So for now, we wait... we wait for answers from the Cath surgeon, we wait to see the rate that his heart is growing and the trajectory that he is on. We wait for symptoms of heart failure... we wait; and the waiting sucks.

In other news, Josh's dental surgery is NOT neccesary. Not yet anyway, he will most likely need it when he's older but we can hold off for a while on that which is really great.

I also had Kaleb's allergy appointment today and we had some good news there too... we can introduce pecans, walnuts, brazil nuts and hazelnuts... (though I admit I am terrified to do). I did however buy myself some turtles loaded with pecans to treat myself after this week... I didn't share them with him, but I kissed him when I finished them, and I did it without fear. That's a good feeling.

It has been a tough few months, this week in particular was hard, but it has been such a comfort to hear from so many of you, your encouragements and offers of prayer mean so much. Thank you.



March 2, 2015

Identity shift



Have you ever thought you had your kids figured out? The youngest is like me, the oldest takes after his Dad... you know them best right? So obviously you of all people should know who they are, what they like, what their personalities are and what makes them tick...

Yeah... I thought I had it all sorted out. The Kaper... he takes after me in many ways and Josh tends to favour his Dad... except that I was wrong in many ways. Really wrong!

A few weeks ago Kaleb had to come home from church early due to asthma and allergies, Josh spent the afternoon with his cousin and Grandparents. Between his brother talking to him all morning, then all the kids in church and then an afternoon with his extroverted and talkative cousin he was totally done in. I put the boys to bed (they shared a room) and within minutes Josh was back downstairs announcing he just couldn't take it anymore.. 'Everyone talks! Too much talking! I need quiet! I need my own room!' It was comical really because he was so emphatic about it and as an extrovert I just don't get what the issue is. I would love to just be around people all day and all night. I talked him off the ledge and got him back into bed that night but on reflection I knew that he was right, it was time to sort out a space for him to call his own.

The next Kaleb was home from school because of his asthma so while he sat quietly in my office I went about clearing out space in there for Tim to move his office into mine and making Tim's office a bed room for Josh. It took all day but when Josh came home he had the surprise of his life; his very own room! He was beyond thrilled (he literally smiled for a week after!)

Over the following few days I looked into each of the boys rooms every day, and I began to see something of a trend emerging. I had always assumed that since Kaleb is more like me, and Josh like his Dad, that it would make sense that Kaleb would be the messy unorganized one and Josh the neat and sorted one. I was wrong. As the days passed I noticed that every morning Kaleb attempted to make his bed, he put his dirty clothes in the hamper and his toys were always put back into the box provided. Josh however, had clothes strewn from end of the room to the other, his toys deposited whereever he had last been playing with them. His bed was not made, not even once. Josh would come home from school and head to his room for some much needed quiet time after school and Kaleb often headed to the playroom downstairs.. the playroom had always been a mess, always! However, with Josh not down there I began to notice how neat Kaleb was keeping it. He would play with something and then when finished he would return it to it's rightful home. The more I noticed the more there seemed to be to notice. At school I watched as Kaleb neatly put his things away and became unsorted when the box for their lunch boxes wasn't in it's rightful place, when I joked about it with the teacher she said 'oh that's Kaleb, everything in it's place and keeping things tidy'. Even this teacher knew my child better than I did!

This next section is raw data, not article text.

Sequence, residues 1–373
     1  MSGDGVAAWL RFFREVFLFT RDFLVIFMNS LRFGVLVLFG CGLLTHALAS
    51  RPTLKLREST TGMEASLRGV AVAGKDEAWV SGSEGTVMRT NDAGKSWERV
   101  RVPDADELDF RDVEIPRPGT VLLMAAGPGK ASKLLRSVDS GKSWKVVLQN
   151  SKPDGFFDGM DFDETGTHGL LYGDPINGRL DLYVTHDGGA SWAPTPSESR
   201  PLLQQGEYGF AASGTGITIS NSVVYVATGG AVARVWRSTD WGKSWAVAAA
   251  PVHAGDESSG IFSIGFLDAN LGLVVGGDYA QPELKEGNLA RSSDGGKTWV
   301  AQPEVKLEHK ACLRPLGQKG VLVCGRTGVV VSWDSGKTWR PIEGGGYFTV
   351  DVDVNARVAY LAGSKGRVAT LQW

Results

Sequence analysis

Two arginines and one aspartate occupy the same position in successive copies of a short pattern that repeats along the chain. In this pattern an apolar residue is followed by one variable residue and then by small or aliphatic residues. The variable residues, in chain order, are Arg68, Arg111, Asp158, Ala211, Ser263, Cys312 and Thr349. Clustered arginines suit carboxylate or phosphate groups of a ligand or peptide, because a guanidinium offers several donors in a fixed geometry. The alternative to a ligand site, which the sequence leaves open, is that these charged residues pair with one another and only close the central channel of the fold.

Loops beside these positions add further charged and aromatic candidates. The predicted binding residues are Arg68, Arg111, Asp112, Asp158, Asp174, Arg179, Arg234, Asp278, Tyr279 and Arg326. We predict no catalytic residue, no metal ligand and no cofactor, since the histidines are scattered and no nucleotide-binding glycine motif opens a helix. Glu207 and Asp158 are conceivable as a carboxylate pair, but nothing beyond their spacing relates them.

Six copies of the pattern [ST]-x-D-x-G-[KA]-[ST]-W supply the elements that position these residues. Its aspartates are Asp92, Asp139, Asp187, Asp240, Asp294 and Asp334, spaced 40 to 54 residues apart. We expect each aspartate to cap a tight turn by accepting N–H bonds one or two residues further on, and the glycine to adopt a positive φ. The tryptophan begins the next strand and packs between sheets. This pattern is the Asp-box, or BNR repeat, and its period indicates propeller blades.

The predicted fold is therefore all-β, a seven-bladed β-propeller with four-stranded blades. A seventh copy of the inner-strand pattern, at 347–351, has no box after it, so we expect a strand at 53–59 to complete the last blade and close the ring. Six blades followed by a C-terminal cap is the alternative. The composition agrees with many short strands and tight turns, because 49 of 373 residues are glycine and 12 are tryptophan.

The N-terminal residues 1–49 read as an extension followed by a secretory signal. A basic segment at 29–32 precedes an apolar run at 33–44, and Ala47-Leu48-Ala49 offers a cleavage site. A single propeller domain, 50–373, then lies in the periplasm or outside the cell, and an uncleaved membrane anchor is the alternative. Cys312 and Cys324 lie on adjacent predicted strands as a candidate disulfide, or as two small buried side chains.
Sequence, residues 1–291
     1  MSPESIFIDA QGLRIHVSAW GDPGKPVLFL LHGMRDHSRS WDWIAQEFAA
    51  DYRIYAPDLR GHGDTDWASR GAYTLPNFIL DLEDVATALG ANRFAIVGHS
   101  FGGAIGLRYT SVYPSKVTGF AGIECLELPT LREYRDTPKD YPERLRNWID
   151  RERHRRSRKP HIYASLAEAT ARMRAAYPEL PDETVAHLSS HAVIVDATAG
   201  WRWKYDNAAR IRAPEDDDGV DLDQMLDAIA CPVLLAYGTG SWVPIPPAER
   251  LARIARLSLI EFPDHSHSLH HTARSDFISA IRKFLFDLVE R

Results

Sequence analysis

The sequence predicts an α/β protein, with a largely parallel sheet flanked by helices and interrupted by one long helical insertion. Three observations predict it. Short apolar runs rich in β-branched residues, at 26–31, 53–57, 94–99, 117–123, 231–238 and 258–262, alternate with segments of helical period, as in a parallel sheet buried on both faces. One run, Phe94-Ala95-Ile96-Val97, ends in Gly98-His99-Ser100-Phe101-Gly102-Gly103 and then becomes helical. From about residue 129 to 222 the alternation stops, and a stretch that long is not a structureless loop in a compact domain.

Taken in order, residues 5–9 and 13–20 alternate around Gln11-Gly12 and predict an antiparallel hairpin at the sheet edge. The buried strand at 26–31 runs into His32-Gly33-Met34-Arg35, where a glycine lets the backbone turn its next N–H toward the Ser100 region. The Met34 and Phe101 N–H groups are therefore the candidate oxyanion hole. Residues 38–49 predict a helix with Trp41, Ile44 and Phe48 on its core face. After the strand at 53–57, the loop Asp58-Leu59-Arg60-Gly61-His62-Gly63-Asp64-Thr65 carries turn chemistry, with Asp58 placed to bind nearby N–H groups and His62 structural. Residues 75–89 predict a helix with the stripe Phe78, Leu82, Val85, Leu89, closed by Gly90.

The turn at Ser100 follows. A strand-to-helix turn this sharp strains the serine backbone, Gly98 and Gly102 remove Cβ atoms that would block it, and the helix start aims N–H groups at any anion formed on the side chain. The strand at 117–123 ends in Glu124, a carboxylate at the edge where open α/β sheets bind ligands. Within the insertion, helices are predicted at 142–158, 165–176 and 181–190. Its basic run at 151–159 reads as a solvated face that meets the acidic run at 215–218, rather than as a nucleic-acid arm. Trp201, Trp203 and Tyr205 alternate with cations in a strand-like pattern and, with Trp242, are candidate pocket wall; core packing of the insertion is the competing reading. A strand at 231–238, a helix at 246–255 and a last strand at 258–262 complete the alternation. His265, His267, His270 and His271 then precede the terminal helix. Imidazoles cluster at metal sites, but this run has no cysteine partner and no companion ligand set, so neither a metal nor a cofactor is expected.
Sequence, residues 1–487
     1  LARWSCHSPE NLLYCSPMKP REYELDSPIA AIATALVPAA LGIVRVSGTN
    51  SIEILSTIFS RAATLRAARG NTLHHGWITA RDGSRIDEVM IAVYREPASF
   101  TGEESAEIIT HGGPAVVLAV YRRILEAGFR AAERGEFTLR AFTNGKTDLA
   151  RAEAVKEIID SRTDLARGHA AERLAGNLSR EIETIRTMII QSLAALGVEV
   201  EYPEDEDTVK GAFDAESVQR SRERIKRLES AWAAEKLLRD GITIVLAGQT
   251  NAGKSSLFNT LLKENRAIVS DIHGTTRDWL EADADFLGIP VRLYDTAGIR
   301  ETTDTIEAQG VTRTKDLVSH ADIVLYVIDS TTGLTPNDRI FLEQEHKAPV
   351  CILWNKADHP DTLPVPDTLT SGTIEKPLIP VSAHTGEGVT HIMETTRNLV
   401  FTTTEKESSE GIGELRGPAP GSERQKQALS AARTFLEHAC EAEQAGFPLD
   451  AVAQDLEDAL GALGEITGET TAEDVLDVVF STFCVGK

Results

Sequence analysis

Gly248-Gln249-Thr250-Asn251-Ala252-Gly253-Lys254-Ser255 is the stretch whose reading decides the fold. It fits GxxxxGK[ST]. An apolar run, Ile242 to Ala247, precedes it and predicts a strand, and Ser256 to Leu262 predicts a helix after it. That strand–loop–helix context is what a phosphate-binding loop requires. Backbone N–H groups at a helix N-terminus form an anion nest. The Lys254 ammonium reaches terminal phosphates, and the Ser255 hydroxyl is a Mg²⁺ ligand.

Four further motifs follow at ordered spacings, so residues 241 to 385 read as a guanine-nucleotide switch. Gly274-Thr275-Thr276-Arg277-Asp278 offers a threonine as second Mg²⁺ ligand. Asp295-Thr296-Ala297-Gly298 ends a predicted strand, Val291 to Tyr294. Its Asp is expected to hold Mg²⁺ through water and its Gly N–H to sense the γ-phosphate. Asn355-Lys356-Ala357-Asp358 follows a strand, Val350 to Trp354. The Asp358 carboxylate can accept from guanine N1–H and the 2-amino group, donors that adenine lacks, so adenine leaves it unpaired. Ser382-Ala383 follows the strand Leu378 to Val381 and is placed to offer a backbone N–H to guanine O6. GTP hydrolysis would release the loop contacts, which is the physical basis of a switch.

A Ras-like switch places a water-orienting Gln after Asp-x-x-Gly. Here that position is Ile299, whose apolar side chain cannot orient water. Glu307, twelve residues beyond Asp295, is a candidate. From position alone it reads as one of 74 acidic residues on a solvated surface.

I had often forced Kaleb to clean the mess in the playroom believing it to be his mess, and there was always a battle about it. However, once I realized that it was actually usually Josh's mess down there I began to get Josh to clean his own mess up. Two things happened; Kaleb started to feel understood, and his attitude began to shift. The meltdowns have trickled off and since he now has his spaces sorted he is more at ease with himself and his environment. Josh, having been getting away with a lot all these years had actually been building an identity around being the 'good' kid, and as he was found out, exposed shall we say, he began to unravel at the seams. Kaleb also began to form a new identity, the one of the neat child and he took great joy in naming his brother as the messy one. As these two dynamics began to play out Tim and I began to talk to the boys about where they should build their identity... it has been such an exciting period of growth for all us.

Teaching the boys that they are not loved for how they behave, or the state in which they keep their room but rather for who they are to us. Our children, dearly loved for no other reason than they are our children. End of story. Nothing can separate that love from them, they are our sons and no matter what they do, say, think, become; they remain and will always remain, loved. As we watch them struggle within this shifting time in our family dynamics I have found myself considering where I have placed my identity. Have I put my worth in something tangible or have I placed my value, my identity in being a child of God, loved for being nothing more than His? As I said, it's been an interesting shift in our home, on all fronts we are all learning through the process.